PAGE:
since this could leave you without any medication. but needs a form called a “Treatment Authorization Request” (TAR) for approval of use of the newer medications. T atients often request large supplies of seizure medicines. commonly include the following: qd = once a day bid = twice a day tid = three times a day qid = four tmes a day qod = every other day qam = every morning qpm = every evening qhs = every hour of sleep (at bedtime) qac = before each meal qpc = after each meal prn = as needed po = by mouth pr = rectally sl = sublingually iv = intravenously im = intramuscularly sc = subcutaneously in = intranasally gtt = drops A f your doctor has prescribed a medicine that is not on your plan. Abbreviations on a prescription. or extra medicines to take on trips. ease-of-use.Other Medications long and growing list of other antiepileptic medications are under various stages of development. the number of pills to be dispensed. but only enough to get you started. Doctors usually do not know what insurance plans cover which medicines. Any new drug will have to have an obvious benefit in terms of efficacy. Prescriptions can be communicated over the phone to the pharmacy with no writing at all. it is the instructions and doctor‟s signature that make it legal. most pharmacists do accept intra-State prescriptions for non-controlled medications. based upon ancient Latin terminology. the exceptions being the old-timers. ask your insurance representative what seizure medicines are covered. Prescriptions can be written on pre-printed pads or plain pieces of paper. DO NOT take the approach of dropping the issue. Most of the time. Some of the HMO Medicare plans trade other benefits or increased cost for some prescription coverage. This can be renewed. M prescription specifies the name of the drug. The medical team is sympathetic to such requests. The reason for these high prices is that invention of a new medication costs the drug companies hundreds of millions of dollars. Sometimes patients can purchase bulk quantities of medicines. but it usually is up to the insurance company paying for the pills. The insurers all have formularies that list their preferred medications. certain highly controlled drugs. Your doctors office may have some free samples. Ordinary Medicare does not cover prescription drugs at all. not the printing. Drug companies sometimes have compassio- I 39 . safety. The prescription also specifies whether brand name drugs or cheaper generic drugs should be used (see discussion below). ost seizure medicines are expensive. The newer seizure medicines can cost $300 per month. Then contact your doctor‟s office to see if any of these are reasonable alternatives.” is the means by which the doctor communicates with the pharmacy. a large political issue. In practice. so a prescription might not be honored across State lines. for example. Insurance companies may or may not pay for prescription medicines. or cost. This makes sense once a regimen is well established. Most new medicines never make it to market. the number of doses and amounts to be given each time of day. etc. However. such as phenobarbital and Dilantin. depending upon frequency of visits and how stable the patient is on a particular medication. Medicaid (Medical in California) covers most of the seizure medicines. tolerance.” A N P Explaining Prescriptions he prescription. such as narcotics. traditionally abbreviated as “Rx. Sometimes physicians can get individual permission to use a medicine for a particular patient. then cost accumulates to very high levels. A medical license to prescribe drugs is given by the State. may require written prescriptions. but this requires time and paperwork. It is not likely that all of these drugs will survive in the marketplace. because there are so many plans. the number of milligrams in each pill or liquid. If a patient is on multiple medications. and the number of automatic refills allowed. novel mechanism. Sometimes they pay a certain amount minus a co-pay of $5-35 dollars per prescription. and therefore is beyond your ability to afford. The companies charge enough on those that do to make their money back (and some profit as well). Physicians typically give between 2-11 monthly automatic renewals. third-party payers will allow only one-month supply at a time. competing for the same group of patients with intractable partial and secondarily generalized seizures. Medicines in the formulary are better covered by insurance than are medicines not in the formulary. os = left eye od = right eye umbers are written with vertical bars and redundant dots above the bars. for emergencies. two vetical lines with a horizontal bar and two dots over it means “2.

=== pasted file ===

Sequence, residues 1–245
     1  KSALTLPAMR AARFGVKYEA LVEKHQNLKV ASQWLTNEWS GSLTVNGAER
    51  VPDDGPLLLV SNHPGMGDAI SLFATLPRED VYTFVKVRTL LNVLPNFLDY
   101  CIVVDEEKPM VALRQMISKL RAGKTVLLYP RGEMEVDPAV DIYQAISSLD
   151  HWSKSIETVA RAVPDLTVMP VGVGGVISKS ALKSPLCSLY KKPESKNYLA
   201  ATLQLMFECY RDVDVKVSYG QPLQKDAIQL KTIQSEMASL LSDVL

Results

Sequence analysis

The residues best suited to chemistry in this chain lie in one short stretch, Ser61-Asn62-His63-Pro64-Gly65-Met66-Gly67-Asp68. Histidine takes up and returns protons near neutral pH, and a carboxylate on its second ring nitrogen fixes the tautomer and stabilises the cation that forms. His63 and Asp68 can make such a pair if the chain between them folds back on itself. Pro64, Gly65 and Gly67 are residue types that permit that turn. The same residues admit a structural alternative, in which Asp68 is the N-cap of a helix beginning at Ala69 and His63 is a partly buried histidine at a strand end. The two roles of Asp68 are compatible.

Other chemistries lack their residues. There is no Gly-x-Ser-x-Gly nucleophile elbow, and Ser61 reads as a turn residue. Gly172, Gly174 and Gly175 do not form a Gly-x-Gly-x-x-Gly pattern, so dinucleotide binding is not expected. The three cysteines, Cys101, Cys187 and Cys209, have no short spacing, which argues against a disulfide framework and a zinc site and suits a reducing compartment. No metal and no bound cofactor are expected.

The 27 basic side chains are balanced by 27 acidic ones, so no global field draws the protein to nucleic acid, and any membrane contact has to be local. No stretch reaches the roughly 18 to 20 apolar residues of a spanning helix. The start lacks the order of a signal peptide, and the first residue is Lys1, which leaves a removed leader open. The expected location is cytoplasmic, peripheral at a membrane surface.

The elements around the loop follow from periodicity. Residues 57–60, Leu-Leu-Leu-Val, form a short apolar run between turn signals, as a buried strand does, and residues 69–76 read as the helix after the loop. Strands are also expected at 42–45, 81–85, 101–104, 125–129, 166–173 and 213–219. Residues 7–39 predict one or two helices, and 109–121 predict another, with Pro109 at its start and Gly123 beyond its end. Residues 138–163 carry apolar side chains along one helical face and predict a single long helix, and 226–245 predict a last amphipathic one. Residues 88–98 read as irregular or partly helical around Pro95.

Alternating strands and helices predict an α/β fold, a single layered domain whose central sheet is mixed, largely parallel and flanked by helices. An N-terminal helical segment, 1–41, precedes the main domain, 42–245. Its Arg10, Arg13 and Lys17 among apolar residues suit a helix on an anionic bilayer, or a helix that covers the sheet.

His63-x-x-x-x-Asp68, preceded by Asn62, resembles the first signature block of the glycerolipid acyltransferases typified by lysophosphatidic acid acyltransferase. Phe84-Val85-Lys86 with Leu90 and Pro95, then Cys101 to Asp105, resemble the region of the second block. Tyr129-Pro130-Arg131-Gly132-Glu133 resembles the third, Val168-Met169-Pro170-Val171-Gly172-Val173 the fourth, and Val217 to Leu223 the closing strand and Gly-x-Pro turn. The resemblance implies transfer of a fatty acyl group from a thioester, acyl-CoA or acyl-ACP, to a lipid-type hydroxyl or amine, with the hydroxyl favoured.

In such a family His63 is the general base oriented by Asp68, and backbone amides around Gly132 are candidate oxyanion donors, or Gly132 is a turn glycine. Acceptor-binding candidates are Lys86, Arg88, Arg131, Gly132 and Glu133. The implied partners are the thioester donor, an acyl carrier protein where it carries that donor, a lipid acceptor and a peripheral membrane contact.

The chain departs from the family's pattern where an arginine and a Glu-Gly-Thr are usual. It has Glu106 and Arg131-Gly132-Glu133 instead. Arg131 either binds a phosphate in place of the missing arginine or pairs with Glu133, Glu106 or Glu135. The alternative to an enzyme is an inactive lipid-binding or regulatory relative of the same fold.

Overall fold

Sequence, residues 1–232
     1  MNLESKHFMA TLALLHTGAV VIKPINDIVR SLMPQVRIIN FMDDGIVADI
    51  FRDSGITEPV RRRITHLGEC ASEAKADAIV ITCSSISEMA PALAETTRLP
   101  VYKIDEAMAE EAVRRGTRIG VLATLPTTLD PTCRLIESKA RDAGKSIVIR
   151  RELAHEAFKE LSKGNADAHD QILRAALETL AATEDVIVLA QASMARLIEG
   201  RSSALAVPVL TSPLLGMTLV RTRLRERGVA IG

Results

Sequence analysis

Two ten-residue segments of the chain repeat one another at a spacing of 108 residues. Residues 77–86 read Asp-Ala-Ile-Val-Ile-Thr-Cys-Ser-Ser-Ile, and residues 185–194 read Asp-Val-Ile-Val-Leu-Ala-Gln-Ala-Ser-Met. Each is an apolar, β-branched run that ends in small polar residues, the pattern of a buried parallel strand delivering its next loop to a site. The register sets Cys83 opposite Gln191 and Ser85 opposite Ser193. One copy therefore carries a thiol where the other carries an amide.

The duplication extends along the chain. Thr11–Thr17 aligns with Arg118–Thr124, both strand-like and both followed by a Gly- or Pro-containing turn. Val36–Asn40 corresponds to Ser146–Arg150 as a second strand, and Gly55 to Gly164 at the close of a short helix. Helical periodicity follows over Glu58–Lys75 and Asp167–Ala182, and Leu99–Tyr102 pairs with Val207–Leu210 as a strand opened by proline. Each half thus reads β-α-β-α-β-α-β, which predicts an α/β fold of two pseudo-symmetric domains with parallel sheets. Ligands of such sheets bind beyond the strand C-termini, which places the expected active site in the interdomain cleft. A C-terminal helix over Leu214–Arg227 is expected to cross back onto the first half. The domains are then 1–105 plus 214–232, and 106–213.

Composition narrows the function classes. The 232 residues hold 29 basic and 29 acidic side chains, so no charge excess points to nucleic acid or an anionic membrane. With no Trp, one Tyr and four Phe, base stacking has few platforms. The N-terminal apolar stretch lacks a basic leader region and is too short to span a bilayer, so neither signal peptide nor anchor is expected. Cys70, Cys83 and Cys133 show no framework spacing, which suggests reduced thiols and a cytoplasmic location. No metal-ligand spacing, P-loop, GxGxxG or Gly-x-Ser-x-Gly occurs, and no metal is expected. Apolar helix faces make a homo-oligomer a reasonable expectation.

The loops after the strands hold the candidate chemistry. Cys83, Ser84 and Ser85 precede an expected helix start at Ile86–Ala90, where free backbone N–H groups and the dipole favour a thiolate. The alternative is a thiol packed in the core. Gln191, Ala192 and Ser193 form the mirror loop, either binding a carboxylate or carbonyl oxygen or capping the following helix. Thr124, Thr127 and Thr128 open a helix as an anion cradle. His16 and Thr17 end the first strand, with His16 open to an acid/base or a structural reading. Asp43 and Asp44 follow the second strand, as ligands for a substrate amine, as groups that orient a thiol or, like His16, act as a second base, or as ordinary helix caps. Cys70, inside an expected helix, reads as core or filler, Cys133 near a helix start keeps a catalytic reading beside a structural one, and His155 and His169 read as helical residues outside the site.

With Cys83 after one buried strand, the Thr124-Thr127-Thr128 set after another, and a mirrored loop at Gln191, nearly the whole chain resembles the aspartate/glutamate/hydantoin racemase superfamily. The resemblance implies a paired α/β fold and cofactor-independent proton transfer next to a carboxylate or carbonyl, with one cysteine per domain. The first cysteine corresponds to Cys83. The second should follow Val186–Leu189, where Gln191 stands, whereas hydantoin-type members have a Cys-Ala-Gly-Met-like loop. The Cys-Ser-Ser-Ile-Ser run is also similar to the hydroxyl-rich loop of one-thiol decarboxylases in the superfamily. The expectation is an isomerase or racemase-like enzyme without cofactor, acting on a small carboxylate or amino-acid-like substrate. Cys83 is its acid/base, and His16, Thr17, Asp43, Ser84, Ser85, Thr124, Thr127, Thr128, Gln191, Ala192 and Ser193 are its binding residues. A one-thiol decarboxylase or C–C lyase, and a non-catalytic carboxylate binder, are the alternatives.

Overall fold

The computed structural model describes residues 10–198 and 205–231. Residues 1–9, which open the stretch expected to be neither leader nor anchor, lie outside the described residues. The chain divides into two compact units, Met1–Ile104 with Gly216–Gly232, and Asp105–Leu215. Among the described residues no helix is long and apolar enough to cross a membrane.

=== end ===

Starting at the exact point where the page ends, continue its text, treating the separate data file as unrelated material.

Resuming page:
Sudden discontinuation of an old drug can lead to withdrawal seizures. is an inactive pill made to look like the study drug. license is granted to use the drug only under very specific conditions. or 30 days. Trileptal in place of Tegretol. since reaction of the individual to a new medication is not entirely predictable. However. D ost switches of seizure medicines require a period of overlap. Most trials have provisions to provide the active drug to all participants at some point (usual- M 40 . how long the drug can be used. a good reason to initiate a change. Typical change regimens decrease the old pills and increase the new pills every 3. Doctors can specify on a prescription that the brand name drug is required. The disadvantage is the uncertainty that it has been manufactured as well as has the original brand name medicine. what tests are done. Neither the patient nor the medical team know who is getting a placebo. Ask your doctor about these programs. The protocol is developed before opening the trial to patients. A Switching medicines t is one thing to describe the pros and cons of individual medications. but generic seizure medicines are not as reliable as are the brand name medications. Adding any new medicine. which could produce unexpected side effects. but not all. sometimes called a “sugar pill”. Research Testing of New Drugs t some point in the development of every promising new drug for epilepsy. Therefore. it must be tried in people with seizures. this could lead to a 40% fluctuation in serum levels of antiepileptic drugs. In effect. The value of generics is controversial. The placebo is required by FDA rules of testing to eliminate drugs that really do not work. and subject to withdrawal symptoms. what other medications are allowed during the testing. The protocol specifies all details of treatment with the experimental drug: who is eligible to get it. but they do not have the right to alter the rules of the protocol. A switch of seizure medication therefore comprises a few potentially unpleasant weeks. then brand name seizure drugs are more reliable. The new drug usually cannot be added in full protective dose until a build-up schedule allows a person‟s system to become used to the drug. The FDA requires that bioavailability (the amount available to be absorbed into your body) of a generic drug be plus-orminus 20% of the bioavailability of the brand name drug. with free medicines for patients who cannot afford them. Generics become available when the brand-name patent expires. If asked to volunteer for a trial of a new drug. or change the drug regimen to obtain the best effect in an individual patient. although the information is made available by the drug company in case of an emergency that requires knowledge of treatment. the pharmacy then has the right to charge the patient the difference in cost between what the insurance company will pay and the cost of the brand drug. 7. It is another to switch from one medicine to another. If your seizures are infrequent and your payment plan mandates much higher cost for brand drugs. no matter how safe in general. desire to please. potentially enough to cause seizures or medication side effects. and you may help yourself by getting a good new drug that is not available by any other means. introduces an unknown. side effects and the properties of the drugs being changed. or both. Some patients in the trial receive the real drug and some receive the placebo. but just make people think that they work because of excessive optimism. The rate of switch will be individualized according to the severity of seizures. Usually these reasons include inadequate seizure control. Phone access to the treating physician or nurse is very useful during seizure medication changes. Changes of medicine regimens are complicated. adjust. removing it can produce withdrawal seizures.” in most states the pharmacist can substitute a generic drug. A placebo. then generics are the best alternative. you should seriously consider doing so. for example. G cation is causing an allergy or other severe side effects. by the sponsoring company and regulatory bodies. Emergence of a new drug on the marketplace is not. If the doctor does not specify “brand name. The main problem is how much medicine gets absorbed into your system. excessive side effects. eneric medications are less expensive alternatives to brand name medicines. during which a person is on more medication. Since pharmacies may stock different generic drugs each week. then sudden discontinuation may be the only good alternative. If a medi- M any. The advantage of generic medicines is the lower cost. My belief is that generics usually are reliable. and so on. A few exceptions exist for which sudden changes are reasonable. how fast it should be started.nate use programs. what dose or doses of drug should be used. because the medical team is obliged to give medication according to a protocol. in itself. This is different from use of a regular prescription drug. under what conditions it should be stopped. how and when doctor visits must take place. The patient and the physician always have the right to quit a trial at any point. or more attention paid to people during a trial. 14. the patient should perceive a clear reason to change medications. If you have uncontrolled seizures. You will be helping the community of people with epilepsy. drug trials require the use of a placebo. I rug trials are not like regular therapy. Even if a seizure medication is not working as desired. The patient and family should have a written schedule detailing changes day-by-day or week-by-week. where the doctor and patient can tailor.